Second generation Ranger Rover Sport is more agile, capable than before

Posted Friday, Jun. 27, 2014  comments  Print Reprints

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Land Rover’s Range Rover brand was introduced to the United States in 1987, but it wasn’t until 2006 that the British SUV builder added the “Sport” model to the lineup, creating a second vehicle bearing the Range Rover name.

The company, which is now owned by India’s Tata Motors (as is its sister company, Jaguar, the British sports car brand), has since added a third Range Rover model, the entry level Evoque.

Pricewise, that puts the Range Rover Sport in the middle of a three-vehicle lineup. The Sport is marketed as a performance-oriented sport-touring SUV. It’s exceptional in performance and handling, both on- and off-road; attractive, with obvious Land Rover bones under smoother, more modern lines; and incredibly comfortable for long-distance driving.

For 2014, the Ranger Rover Sport is all-new, entering its second generation, and is even more agile and capable than before. It can seat up to seven people, with the optional two-person third row ($2,750, includes 20-inch alloy wheels and tire-repair kit instead of spare).

Available in four trims, Sport prices start at $62,600 for the SE (my tester), and run as high as $92,400 for the Autobiography model. With the redesign, it gains some new high-tech equipment such as Terrain Response, and two more-powerful, more-efficient engines.

SE and HSE models have a supercharged 3.0-liter, 340-horsepower V-6 engine, while the V-8 Supercharged and Autobiography models have supercharged 5.0-liter, 510-horsepower eight-cylinder engines. All models come with a new eight-speed automatic transmission.

The SE is a “basic” vehicle (if you can call a $62,000 vehicle “basic”), with standard features such as start-stop technology, full-time four-wheel drive, four-wheel electronic traction control, the eight-speed electronically controlled automatic with command shift, multiple suspension modes (Access, Standard, Off-Road and Extended Height), side-door impact beams, hazard lights under heavy braking, rear fog lights, rearview camera, and a front visual display, to name a few.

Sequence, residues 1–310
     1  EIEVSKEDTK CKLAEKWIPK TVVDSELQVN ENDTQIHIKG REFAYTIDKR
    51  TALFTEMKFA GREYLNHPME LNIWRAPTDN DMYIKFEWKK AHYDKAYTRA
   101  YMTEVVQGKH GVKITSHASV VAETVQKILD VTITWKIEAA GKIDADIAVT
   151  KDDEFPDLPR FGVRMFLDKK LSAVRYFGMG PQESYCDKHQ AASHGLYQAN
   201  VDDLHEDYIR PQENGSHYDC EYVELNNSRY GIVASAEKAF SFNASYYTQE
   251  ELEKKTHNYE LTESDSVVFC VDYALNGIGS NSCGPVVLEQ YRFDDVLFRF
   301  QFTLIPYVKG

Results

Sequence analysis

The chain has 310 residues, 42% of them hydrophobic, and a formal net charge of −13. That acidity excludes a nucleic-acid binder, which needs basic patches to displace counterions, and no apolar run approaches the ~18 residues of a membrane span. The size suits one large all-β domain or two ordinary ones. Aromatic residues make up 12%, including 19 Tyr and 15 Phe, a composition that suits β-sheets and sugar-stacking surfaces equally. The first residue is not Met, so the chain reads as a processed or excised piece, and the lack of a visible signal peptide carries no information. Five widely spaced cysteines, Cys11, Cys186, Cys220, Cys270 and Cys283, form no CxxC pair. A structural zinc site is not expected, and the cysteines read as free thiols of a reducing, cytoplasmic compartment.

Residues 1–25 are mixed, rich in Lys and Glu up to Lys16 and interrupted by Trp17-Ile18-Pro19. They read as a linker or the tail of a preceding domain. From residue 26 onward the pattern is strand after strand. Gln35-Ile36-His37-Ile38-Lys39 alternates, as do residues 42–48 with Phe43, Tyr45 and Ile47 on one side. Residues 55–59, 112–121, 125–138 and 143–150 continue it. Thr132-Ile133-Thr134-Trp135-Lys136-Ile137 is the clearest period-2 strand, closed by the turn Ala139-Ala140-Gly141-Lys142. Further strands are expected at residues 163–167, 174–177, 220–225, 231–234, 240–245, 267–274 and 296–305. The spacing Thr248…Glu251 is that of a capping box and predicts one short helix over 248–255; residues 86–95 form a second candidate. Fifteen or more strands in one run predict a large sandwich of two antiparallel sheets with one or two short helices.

EPA estimates for the V-6 engine are 17 mpg city/23 highway. For the V-8, they are 14/19. Driving about 50/50 neighborhood and highway, with the air conditioner on “cold” and idling in long lines at drive-throughs, I managed to average 21.1 mpg with my V-6 tester – not bad for a large SUV.

The mostly aluminum construction helps keep the Range Rover Sport lighter, improving fuel efficiency. The Supercharged models are about 366 pounds heavier.

With a large selection of exclusive color and design options, the Autobiography model has sporty luxury, individually expressed using the finest materials. Along with new metallic exteriors, Autobiography offers two luxury oriented interiors and five sporty interiors with names like Le Mans and Monaco.

Unique features include a Titan front grille, Titan side vents, 20-inch, nine-spoke alloy wheels and stainless steel door tread plates.

All Sport models come with leather 14-way power front seats, heated windshield, 380-watt Meridian audio with eight speakers, and an eight-inch touch screen.

The HSE model adds perforated-leather heated seats, 20-inch wheels, sliding panoramic sunroof, front fog lamps, and Shadow Zebrano wood trim.

Extras on the Autobiography include heated steering wheel and rear seats, 16-way power seats, leather dash and center console, front console cooler, and the Meridian Premium 825-watt surround-sound system with 19 speakers.

My SE model was Corris Gray outside, with an Espresso and Ivory interior. The standard 19-inch aluminum-alloy wheels were replaced by 20-inch, five-split-spoke alloy wheels with a pewter finish, part of an HSE package for $5,000, which also brought the Oxford perforated leather on the bolstered sport seats; choice of seven additional seat colors (mine were ivory); aluminum tread plates with Range Rover lettering; light atlas (grille finisher, hood and fender vents, tow eye cover and lamp surrounds in bright aluminum mesh); remote gate/garage opener; silver Sport badge on the tailgate; and Shadow Zebrano wood trim (light and dark grain) on the center stack and center console.